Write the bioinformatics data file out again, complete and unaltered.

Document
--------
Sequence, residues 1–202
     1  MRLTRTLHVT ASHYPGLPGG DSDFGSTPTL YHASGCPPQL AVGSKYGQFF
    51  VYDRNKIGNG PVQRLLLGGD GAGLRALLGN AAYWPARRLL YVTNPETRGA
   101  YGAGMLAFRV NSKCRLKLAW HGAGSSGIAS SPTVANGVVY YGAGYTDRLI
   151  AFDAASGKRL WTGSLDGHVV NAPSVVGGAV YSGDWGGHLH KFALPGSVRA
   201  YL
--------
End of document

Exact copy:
Sequence, residues 1–202
     1  MRLTRTLHVT ASHYPGLPGG DSDFGSTPTL YHASGCPPQL AVGSKYGQFF
    51  VYDRNKIGNG PVQRLLLGGD GAGLRALLGN AAYWPARRLL YVTNPETRGA
   101  YGAGMLAFRV NSKCRLKLAW HGAGSSGIAS SPTVANGVVY YGAGYTDRLI
   151  AFDAASGKRL WTGSLDGHVV NAPSVVGGAV YSGDWGGHLH KFALPGSVRA
   201  YL